As we headed down from the roof of the roof of Lincoln Mill, the owner of the building he asked me for my opinion on roof sealants to use and why. He is planning to restore the building but plans to make it into high end condos and lofts fell through with the slowing economy. Due to his renters and the historical designation by the state of the entire neighborhood, the build pays for itself and he’s not pressed for time to make rapid progress on repairs to the upper floors.
Back on the ground, he took me around the building and point out further historical aspects. This area once extended to the main mills and weaving buildings, but the fire that destroyed those buildings in 1982, damaged the wing and required partial demolition then.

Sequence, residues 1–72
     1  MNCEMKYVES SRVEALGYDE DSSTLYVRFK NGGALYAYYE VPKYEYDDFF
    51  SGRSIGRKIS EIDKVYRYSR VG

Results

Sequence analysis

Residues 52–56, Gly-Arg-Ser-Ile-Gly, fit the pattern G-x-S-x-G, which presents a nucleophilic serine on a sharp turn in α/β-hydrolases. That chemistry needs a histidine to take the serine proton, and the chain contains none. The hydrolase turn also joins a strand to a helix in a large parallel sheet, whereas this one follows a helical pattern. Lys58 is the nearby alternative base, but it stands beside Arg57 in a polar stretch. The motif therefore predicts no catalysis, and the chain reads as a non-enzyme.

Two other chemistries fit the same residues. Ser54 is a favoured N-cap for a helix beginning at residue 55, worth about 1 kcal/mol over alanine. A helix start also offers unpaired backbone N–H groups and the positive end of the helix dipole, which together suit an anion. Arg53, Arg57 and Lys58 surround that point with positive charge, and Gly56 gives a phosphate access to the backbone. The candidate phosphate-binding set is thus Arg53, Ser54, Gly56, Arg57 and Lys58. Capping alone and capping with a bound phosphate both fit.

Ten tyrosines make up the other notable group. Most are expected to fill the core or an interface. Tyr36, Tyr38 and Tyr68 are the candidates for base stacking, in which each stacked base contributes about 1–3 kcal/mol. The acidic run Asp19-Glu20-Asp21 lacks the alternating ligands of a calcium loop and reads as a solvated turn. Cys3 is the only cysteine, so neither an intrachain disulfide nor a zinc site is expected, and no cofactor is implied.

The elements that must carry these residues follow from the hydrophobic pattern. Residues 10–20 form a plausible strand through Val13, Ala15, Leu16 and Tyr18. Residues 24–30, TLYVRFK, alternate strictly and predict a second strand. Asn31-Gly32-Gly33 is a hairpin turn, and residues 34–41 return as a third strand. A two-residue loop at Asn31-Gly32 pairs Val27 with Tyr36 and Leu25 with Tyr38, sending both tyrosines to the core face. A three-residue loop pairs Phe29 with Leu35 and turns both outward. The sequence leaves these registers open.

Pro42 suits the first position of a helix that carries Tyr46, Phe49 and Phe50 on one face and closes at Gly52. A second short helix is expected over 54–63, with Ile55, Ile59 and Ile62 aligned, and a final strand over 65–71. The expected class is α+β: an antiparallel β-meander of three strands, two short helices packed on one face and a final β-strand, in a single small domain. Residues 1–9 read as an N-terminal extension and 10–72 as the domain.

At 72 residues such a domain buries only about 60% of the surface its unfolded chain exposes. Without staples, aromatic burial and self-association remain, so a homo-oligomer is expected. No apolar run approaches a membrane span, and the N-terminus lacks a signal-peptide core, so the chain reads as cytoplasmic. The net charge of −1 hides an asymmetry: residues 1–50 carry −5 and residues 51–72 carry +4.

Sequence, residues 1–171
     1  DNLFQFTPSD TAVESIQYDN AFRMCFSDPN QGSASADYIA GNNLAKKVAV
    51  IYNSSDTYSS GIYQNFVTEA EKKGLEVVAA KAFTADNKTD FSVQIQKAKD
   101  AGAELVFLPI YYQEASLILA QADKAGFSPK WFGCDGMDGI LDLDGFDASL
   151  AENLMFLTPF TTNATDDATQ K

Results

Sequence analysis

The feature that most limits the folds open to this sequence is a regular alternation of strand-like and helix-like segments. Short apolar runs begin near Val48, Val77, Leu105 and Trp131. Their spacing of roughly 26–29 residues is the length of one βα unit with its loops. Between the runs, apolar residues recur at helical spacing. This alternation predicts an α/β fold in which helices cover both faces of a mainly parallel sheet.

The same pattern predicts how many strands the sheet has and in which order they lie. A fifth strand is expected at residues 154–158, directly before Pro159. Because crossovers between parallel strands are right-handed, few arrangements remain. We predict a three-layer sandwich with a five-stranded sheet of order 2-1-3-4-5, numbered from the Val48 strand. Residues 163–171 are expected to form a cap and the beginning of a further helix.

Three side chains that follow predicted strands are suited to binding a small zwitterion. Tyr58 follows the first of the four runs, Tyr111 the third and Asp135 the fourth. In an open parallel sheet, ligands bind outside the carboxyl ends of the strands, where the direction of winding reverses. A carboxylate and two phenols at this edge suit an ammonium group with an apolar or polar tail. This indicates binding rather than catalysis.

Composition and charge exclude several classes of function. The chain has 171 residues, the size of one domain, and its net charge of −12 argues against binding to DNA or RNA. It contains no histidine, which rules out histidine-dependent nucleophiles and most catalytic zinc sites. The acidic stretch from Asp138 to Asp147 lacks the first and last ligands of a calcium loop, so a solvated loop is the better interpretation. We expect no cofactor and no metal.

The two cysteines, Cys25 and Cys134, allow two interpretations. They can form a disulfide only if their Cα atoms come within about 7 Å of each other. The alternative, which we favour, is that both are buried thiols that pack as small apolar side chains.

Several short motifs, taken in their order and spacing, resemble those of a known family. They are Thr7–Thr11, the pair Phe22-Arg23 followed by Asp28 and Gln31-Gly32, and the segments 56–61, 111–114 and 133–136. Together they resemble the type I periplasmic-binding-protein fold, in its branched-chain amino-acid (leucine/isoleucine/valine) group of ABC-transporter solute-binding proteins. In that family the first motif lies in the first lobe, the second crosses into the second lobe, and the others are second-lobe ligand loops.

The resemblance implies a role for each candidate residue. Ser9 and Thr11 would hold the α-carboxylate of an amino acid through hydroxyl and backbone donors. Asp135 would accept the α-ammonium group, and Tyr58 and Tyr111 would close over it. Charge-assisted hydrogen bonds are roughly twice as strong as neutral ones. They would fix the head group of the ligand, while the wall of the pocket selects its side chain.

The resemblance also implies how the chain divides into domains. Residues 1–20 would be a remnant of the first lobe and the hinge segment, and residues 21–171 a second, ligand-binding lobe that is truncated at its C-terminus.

The railroad runs adjacent to this dock
As we approached this section of the building to show off the vaults, he gave me an early Yule present – free and unencumbered access to the building. “Just don’t get hurt.”
After a very brief tour of the vaults (no photos), he opened up one of the old warehouse buildings (I’d photographed through a window before). This is a plastics curing machine.
Into the belly of the beast
1980’s era Jaguar
The roof was in need of major repair in this building
This concluded my first visit to Lincoln. It’s not been the last. I headed out with a plan to return and thoroughly explore the site and the surrounding around much more thoroughly.